Thursday, September 1, 2011

History: The Westy



Volkswagen has produced its fair share of iconic automobiles in its long and illustrious history. The Beetle was as important as the Model T, as it was mass produced at a cheap price, giving all middle income families the ability to own a vehicle. The Golf GTi ignited the hot hatch craze, dumping a high performance engine and suspension package into a small hatchback, nearly killing off the sports car as it allowed people to carry a fair amount of cargo and passengers in a fun to drive car. The VW Bus was the truly original mini-van, allowing large families to transport vast quantities of screaming and vomiting children over large distances. However, one of VW’s greatest accomplishments did not get produced in the tens of millions of units, but was a niche special edition of the Bus. That vehicle was the Volkswagen Westfalia.

The Westfalia was a special breed of vehicle that filled a small niche market that in reality, no one else really made any effort to fill - that of a camper van daily driver.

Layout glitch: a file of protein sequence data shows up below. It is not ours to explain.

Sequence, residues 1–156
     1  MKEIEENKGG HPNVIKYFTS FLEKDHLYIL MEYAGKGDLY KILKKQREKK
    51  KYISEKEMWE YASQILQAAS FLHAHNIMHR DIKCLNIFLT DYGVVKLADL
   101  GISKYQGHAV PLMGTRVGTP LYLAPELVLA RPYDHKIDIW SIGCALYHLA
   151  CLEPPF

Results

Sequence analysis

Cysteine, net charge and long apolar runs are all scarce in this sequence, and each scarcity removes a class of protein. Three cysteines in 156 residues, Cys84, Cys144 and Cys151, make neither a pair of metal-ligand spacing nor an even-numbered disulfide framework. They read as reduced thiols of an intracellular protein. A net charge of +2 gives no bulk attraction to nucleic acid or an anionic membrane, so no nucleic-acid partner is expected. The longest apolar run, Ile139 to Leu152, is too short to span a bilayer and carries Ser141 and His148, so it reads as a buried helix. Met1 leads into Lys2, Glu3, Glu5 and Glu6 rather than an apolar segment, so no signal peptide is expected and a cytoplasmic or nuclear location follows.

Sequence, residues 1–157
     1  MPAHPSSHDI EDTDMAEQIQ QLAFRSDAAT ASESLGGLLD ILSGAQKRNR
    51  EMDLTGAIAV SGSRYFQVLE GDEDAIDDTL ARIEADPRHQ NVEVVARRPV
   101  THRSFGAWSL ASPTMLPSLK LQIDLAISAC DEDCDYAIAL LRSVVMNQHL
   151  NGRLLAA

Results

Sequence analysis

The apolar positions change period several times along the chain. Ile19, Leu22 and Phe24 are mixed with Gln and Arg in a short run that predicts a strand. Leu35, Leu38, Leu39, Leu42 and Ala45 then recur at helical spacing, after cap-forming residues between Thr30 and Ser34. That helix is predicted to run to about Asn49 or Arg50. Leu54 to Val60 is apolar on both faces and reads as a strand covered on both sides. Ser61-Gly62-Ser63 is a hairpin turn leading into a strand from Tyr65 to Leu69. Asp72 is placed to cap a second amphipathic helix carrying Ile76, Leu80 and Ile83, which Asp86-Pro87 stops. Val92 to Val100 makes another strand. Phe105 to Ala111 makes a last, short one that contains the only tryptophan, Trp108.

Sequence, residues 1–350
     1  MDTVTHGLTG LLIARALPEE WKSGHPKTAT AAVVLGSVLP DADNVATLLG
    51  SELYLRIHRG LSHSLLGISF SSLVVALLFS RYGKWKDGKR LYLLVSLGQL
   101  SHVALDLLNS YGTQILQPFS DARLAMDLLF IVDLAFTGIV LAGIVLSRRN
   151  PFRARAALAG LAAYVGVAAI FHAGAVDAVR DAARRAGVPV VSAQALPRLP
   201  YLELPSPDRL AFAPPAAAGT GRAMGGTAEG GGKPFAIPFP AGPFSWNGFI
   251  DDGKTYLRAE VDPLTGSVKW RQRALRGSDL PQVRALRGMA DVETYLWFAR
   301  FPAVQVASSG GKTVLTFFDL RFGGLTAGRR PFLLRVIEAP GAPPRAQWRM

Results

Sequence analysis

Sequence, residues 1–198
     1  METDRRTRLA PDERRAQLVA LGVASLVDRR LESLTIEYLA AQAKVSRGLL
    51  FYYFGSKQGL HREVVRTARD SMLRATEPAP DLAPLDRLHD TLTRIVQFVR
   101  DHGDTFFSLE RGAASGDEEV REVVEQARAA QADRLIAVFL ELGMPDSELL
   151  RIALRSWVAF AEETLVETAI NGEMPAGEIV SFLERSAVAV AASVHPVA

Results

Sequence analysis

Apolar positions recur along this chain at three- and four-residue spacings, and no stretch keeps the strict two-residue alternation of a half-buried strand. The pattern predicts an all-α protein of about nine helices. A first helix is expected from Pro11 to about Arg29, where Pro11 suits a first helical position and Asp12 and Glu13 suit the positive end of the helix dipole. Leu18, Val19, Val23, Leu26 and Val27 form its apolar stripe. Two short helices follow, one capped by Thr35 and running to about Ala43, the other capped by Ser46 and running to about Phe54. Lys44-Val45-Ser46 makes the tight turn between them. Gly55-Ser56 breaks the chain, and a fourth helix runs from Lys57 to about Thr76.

The story of the Westfalia starts at the end of World War Two, when the British were in charge of the Volkswagen plant in Wolfsburg, Germany. At that time a Dutch VW importer named Ben Pon noticed that VW Type-1 (Beetle) chassis and running gear were being used to power make shift trolleys. After much napkin designing in 1947, he had come up with a van version of the Type-1, a design perfected by Heinz Nordhoff when he took over as CEO of Volkswagen. Dubbed the Type-2, the van bodied vehicle with Beetle running gear was put into production in 1950. Due to its trolley inspired beginnings, it became known as the VW Bus.

At this time, a company known as Westfalia-Werke, based in the Westphalia region of Germany, was busy designing and building trailer hitches and specialty trailers. The two companies got together to design a specialty version of the Type-2 that could double as camping accommodations. Only one short year later, the Volkswagen Westfalia was born, with Volkswagen sending Type-2 bodies to Westfalia for camperized outfitting, and the resulting campervan being available at local VW showrooms.